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Camp Beagle supporters accused of ‘intimidation and theft of animals’

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A Government minister accused supporters of the protest group Camp Beagle of “intimidation, direct action against staff doing their job and the criminal theft of animals”.

Sarah Dines, the Parliamentary Under Secretary of State for the Home Department, spoke for the Government, during a Parliamentary debate on Monday.

MPs were debating a petition signed by 102,000 people calling for commercial breeders of animal laboratories – such as MBR Acres at Wyton – to be banned.

Camp Beagle protest has been ongoing for 18 months. It is now attracting nationwide and international attention

Ms Dines, however, clashed with MPs when she declared: “I must be very clear that while we fully uphold people’s right to peaceful protest within the law, recent events at the dog-breeding site that was mentioned have gone beyond peaceful protest, leading to criminal investigations and sanctions.”

However, Dr Rupa Huq, the Independent MP for Ealing Central and Labour, said that three separate constituents had come to her Friday surgery.

They had “opened my eyes to how the existing framework in this country is ethically, practically, morally, and scientifically bankrupt.

“I pay tribute to the valiant protesters at Camp Beagle who, for 18 months, have been outside the gates of Marshall Bio Resources in Cambridgeshire—it is happening not too far from here.

Elliot Colburn, the Conservative MP for Carshalton, and Wallington, supported Camp Beagle which he described as a “peaceful protest”.

Elliot Colburn speaking in Parliament on Monday

Animal testing should be consigned to the “dustbin of history,” he said.

“The evidence demonstrates that animal testing has very little benefit.

“We are in the single figures when we look at the percentage of tests that have gone from being successful in animals to successful in humans.

“It is a waste of money, and we should therefore increasingly be looking to consign animal testing to the dustbin of history.”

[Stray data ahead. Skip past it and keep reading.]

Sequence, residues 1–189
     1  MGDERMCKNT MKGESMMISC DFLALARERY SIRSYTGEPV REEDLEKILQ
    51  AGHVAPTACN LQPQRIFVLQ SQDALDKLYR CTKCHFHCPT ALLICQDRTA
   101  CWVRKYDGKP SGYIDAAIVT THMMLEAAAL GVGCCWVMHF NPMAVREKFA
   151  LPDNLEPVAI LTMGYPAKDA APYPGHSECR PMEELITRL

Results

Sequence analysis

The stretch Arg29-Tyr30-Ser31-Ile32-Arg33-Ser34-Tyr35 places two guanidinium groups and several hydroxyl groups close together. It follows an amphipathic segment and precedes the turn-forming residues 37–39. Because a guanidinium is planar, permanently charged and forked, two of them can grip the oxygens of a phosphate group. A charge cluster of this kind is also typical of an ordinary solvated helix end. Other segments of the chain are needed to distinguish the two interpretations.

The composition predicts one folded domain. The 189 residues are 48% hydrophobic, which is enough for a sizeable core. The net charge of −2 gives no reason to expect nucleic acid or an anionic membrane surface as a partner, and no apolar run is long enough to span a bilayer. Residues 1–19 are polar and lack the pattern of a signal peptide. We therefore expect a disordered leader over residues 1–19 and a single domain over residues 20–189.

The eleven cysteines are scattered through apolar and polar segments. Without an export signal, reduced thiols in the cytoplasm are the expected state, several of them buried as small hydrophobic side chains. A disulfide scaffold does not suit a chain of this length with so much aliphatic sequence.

Mr Colburn was speaking after introducing a petition to the House calling for all licences for commercial breeders of laboratory animals to be scrapped.

The petition, with 102,000 signatures, was prompted by the protest at Camp Beagle outside MBR Acres at Wyton near Huntingdon.

Camp Beagle protest has been ongoing for 18 months. It is now attracting nationwide and international attention

It also called for all project licences (PPLs) to be reviewed by an independent specialist committee.

The petition stated: “We believe the use of animals is scientifically, ethically, morally and financially (taxpayer funded) unjustifiable.”

The petition claimed that “commercial breeders of laboratory animals are profit rather than animal-welfare focused”.

Mr Colburn said: “The inspiration for the petition, while broadly focused on the policy of animal testing, relates to an individual case, the ongoing peaceful protest organised by Camp Beagle of a laboratory just outside of Cambridge.

Camp Beagle protest has been ongoing for 18 months. It is now attracting nationwide and international attention“Activists have been sitting o the MBR Acres site in Cambridgeshire for over 18 months.

“The petition is another way of supporting those trying to raise awareness of commercial breeding and animal testing.”

The MP said the petition creator had told him this was first step in a campaign to try to change the law so that animals in facilities such as MBR Acres are protected by the Animal Welfare Act 2006, instead of the Animals (Scientific Procedures) Act 1986, which they currently fall under.

He said that currently applications for licences to conduct animal testing were evaluated by one of a very small number of inspectors.

“The reality is that applications are very unlikely to be refused,” he said.

“According to some research, no licences were refused for animal experimentation between 2018 and 2021.

“That is a problem, because analysis of the licences granted during the first half of 2020 showed that researchers often failed to adequately explain their strategy to search for non-animal methods.”

The MP described as “shocking” that in 2021 over 3 million scientific procedures were conducted on animals.

He said that if that figure was not large enough already, it was a 6% increase on the year before. The use of dogs increased by 3%, cats by 6%, horses by 29% and monkeys by 17%.

“I can only speculate why those increases occurred,” he said.

Mr Colburn said a recent report from the animals in science regulation unit described deeply troubling animal welfare failings in British laboratories between 2019 and 2021.